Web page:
How kids code and how we know: An exploratory study on the scratch repository

Efthimia Aivaloglou, Felienne Hermans

Research output: Chapter in Book / Report / Conference proceedingConference contributionAcademicpeer-review

Abstract

Block-based programming languages like Scratch, Alice and Blockly are becoming increasingly common as introductory languages in programming education. There is substantial research showing that these visual programming environments are suitable for teaching programming concepts. But, what do people do when they use Scratch? In this paper we explore the characteristics of Scratch programs. To this end we have scraped the Scratch public repository and retrieved 250,000 projects. We present an analysis of these projects in three di erent dimensions. Initially, we look at the types of blocks used and the size of the projects. We then investigate complexity, used abstractions and programming concepts. Finally we detect code smells such as large scripts, dead code and duplicated code blocks. Our results show that 1) most Scratch programs are small, however Scratch programs consisting of over 100 sprites exist, 2) programming abstraction concepts like procedures are not commonly used and 3) Scratch programs do su er from code smells including large scripts and unmatched broadcast signals.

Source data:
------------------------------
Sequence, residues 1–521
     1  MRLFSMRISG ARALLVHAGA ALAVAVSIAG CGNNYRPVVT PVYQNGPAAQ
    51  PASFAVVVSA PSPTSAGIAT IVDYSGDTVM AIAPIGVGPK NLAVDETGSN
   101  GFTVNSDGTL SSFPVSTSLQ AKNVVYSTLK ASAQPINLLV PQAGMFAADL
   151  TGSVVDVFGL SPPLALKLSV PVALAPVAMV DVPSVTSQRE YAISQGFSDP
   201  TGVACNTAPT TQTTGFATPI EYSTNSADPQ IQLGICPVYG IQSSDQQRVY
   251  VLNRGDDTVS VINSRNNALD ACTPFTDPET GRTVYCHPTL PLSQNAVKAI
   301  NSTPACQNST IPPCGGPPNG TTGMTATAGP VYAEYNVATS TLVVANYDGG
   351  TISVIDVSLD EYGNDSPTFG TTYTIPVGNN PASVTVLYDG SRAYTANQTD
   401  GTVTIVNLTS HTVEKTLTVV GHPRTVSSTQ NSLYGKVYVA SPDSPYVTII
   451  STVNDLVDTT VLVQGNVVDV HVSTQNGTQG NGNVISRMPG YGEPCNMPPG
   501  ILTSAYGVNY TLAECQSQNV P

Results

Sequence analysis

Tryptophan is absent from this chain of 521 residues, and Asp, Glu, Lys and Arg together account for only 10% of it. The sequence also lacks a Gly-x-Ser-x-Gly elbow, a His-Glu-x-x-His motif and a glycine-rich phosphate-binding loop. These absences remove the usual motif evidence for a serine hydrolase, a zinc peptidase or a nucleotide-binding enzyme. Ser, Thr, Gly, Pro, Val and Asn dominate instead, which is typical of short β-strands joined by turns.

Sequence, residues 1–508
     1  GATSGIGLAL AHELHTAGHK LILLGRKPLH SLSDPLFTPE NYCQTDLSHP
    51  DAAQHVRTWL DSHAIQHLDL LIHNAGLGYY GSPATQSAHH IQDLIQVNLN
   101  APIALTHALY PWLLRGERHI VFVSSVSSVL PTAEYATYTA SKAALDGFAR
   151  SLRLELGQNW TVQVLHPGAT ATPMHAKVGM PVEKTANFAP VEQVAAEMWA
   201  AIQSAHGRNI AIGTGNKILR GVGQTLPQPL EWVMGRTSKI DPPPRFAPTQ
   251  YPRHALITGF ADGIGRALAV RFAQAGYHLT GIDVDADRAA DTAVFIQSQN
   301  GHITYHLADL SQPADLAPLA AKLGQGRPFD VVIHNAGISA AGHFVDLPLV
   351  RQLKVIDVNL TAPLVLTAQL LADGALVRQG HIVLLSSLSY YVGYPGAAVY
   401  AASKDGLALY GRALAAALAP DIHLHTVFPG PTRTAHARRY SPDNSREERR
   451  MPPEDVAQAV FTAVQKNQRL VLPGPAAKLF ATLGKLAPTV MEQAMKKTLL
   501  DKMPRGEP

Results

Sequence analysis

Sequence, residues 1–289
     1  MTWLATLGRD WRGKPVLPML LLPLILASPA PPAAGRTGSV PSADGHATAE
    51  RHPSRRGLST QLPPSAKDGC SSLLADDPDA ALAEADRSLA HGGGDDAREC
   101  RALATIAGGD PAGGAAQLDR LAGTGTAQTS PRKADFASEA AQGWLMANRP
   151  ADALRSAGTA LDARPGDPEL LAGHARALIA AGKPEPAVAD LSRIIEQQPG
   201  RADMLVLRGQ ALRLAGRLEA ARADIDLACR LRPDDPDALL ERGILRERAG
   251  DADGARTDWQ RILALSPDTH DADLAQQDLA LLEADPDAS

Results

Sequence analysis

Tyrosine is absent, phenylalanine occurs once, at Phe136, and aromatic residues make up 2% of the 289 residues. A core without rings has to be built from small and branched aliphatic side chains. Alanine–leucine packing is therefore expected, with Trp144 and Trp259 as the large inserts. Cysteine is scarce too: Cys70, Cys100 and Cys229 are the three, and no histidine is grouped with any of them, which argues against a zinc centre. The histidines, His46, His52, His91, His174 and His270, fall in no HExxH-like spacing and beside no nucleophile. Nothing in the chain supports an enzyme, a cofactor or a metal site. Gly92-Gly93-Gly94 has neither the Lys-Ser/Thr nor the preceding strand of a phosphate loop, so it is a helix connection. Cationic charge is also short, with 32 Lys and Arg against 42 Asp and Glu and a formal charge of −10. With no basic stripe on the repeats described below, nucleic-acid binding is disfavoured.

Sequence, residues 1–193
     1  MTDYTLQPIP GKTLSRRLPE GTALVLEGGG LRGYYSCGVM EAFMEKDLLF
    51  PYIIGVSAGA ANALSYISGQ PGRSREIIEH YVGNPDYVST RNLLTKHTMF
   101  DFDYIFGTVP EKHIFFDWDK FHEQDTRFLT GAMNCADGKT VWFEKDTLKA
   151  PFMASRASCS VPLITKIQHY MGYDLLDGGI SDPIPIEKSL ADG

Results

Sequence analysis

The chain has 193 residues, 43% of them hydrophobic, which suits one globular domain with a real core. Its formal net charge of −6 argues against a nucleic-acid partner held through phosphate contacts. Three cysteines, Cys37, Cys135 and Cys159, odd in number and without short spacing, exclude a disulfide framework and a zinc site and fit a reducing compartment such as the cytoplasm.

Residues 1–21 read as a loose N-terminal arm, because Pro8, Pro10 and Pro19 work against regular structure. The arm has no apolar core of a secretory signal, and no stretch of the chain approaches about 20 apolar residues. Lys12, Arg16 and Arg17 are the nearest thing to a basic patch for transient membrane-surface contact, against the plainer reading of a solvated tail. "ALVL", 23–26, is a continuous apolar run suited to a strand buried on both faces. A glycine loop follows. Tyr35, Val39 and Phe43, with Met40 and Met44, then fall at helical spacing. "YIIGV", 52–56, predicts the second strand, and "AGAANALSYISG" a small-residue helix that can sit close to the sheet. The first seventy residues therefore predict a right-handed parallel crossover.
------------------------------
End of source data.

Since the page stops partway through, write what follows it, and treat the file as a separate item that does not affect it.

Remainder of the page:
Original languageEnglish
Title of host publicationICER 2016 - Proceedings of the 2016 ACM Conference on International Computing Education Research
PublisherAssociation for Computing Machinery, Inc
Pages53-61
Number of pages9
ISBN (Electronic)9781450344494
DOIs
Publication statusPublished - 25 Aug 2016
Externally publishedYes
Event12th Annual International Computing Education Research Conference, ICER 2016 - Melbourne, Australia
Duration: 8 Sep 201612 Sep 2016

Publication series

NameICER 2016 - Proceedings of the 2016 ACM Conference on International Computing Education Research

Conference

Conference12th Annual International Computing Education Research Conference, ICER 2016
CountryAustralia
CityMelbourne
Period8/09/1612/09/16

Keywords

  • Block-based languages
  • Code smells
  • Programming practices
  • Scratch
  • Static analysis

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